As providers get caught between nagging government regulations, shrinking reimbursement from insurers, and new competition from entrepreneurial startups, the struggle for desirable market share has never been greater. In this carnival of change, hospital and physician leaders have four choices. They can waste time trying to retrace the genesis and evolution that has created this battlefield, they can grind their teeth in frustration, they can fiddle around the fringes and hope for the best, or they can flex their own muscles to control their own destiny.
Controlling one’s own destiny begins with having an impact on how consumers choose their providers, and in that regard there is no simple answer. Those consumers without longstanding relationships often select a health plan first and then choose their provider based on who that plan offers. For those who have a doctor they trust, the reverse is often true – they select a plan based on the provider network. Regardless of how the match was made, that consumer now has connections on many levels: plan, physician and hospital. But on whose doorstep does their loyalty really sit? It is time for providers to own that relationship as never before. And a good place to start is with the Medicare patient, which represents the fastest-growing segment of the American population.
As has been well documented, 10,000 baby boomers age into Medicare on a daily basis. These “new seniors” are being bombarded with messages from competing Medicare Advantage plans that collectively provide coverage for approximately one-third of all Medicare beneficiaries. Their battle for patients is fierce as they all seek to get a slice of this growing, profitable pie. Given the marketing savvy of these plans coupled with the plethora of information being thrown at consumers, it is clear that providers can no longer just assume that patients “will find their way to us.” Today it is more imperative than ever for providers to have a proactive strategy for not just attracting new patients but – perhaps even more important – retaining current ones.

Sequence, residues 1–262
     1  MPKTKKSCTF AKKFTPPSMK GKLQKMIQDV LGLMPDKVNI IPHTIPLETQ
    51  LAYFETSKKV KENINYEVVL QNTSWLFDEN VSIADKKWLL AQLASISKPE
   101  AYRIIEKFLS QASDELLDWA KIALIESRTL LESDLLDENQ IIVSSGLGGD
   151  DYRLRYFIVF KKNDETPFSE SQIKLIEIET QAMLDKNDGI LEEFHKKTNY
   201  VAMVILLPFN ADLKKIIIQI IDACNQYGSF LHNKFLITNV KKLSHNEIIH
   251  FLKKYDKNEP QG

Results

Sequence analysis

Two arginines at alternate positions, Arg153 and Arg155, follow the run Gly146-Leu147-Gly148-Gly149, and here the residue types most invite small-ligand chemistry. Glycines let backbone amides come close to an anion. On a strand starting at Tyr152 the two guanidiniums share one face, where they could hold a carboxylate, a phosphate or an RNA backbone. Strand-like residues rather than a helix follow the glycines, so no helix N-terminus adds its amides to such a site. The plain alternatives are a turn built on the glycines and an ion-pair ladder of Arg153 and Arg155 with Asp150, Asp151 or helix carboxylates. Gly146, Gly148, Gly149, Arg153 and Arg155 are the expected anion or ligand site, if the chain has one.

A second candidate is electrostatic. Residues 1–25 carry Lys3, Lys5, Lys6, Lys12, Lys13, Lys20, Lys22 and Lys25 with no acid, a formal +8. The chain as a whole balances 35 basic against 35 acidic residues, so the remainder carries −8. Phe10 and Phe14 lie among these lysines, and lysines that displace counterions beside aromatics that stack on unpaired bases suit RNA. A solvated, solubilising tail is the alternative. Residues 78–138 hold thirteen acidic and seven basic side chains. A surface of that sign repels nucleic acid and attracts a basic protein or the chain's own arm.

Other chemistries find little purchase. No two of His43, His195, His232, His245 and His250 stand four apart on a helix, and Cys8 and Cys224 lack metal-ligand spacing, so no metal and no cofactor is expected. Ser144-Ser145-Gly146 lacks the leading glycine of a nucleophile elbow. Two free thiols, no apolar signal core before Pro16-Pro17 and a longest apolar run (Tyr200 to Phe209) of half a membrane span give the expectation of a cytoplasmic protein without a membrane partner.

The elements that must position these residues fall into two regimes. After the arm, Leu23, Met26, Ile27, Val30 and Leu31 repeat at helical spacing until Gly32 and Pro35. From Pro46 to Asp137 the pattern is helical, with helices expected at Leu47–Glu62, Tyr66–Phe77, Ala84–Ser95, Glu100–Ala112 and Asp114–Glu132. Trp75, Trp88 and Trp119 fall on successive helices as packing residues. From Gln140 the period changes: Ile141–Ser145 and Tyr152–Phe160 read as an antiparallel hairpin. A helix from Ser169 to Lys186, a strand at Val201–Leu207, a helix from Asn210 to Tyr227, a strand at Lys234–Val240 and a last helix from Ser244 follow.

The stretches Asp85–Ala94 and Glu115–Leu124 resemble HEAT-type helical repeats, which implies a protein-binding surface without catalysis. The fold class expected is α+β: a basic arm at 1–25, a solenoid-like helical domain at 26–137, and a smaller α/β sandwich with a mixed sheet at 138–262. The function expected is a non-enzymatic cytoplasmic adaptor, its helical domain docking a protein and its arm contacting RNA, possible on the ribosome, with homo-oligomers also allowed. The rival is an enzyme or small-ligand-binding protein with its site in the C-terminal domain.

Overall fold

The best way to achieve this is to influence how Medicare beneficiaries select a health plan so as to increase the likelihood that they will select one that allows them to remain with their existing hospital and doctors. The hurdle in this thinking is that regulations by the Centers for Medicare & Medicaid Services prohibit providers from steering patients toward a specific plan. Fortunately, however, there are now independent resources that can support providers in this patient-retention effort.
These resources – not owned or operated by any specific health plan – answer consumer questions regarding coverage options, provide unbiased information on multiple plans, and assist patients in enrolling in a health plan that is accepted by their existing hospital and doctors. Doing so helps assure continuity of care, preserves the trusted relationship built up over time, and allows providers to retain market share they likely worked hard to cultivate.
In addition to providing assistance throughout the enrollment process, these independent services can support ongoing patient communication throughout the year and act as a provider’s safety net if provider/payer negotiations go south at renewal time. If contract termination is eminent, the patient can be immediately directed toward another plan with whom the provider is contracted, rather than allowing the plan to deliberately assign the member someplace else.
Make no mistake; there is an uneasy equilibrium that exists between providers and the multiple health plans with whom they contract. It is one thing to share patient data in ways that improve health outcomes. It is quite another to share patient loyalty, especially in this era of accountable care where creative new partnerships and alliances emerge daily.
All providers sink or swim based, in great part, on their ability to attract and retain patients for whom they have favorable reimbursement. Helping patients confidently select a health plan that keeps their existing hospital and doctors’ relationships in place is essential toward the achievement of that goal and must therefore become an indispensable part of a provider’s proactive patient communication and population management strategy.
Kerri Lenderman is director of consulting services for MedicareCompareUSA, the nation’s leading independent resource in helping Medicare beneficiaries select a health plan that is accepted by their existing hospital and doctors.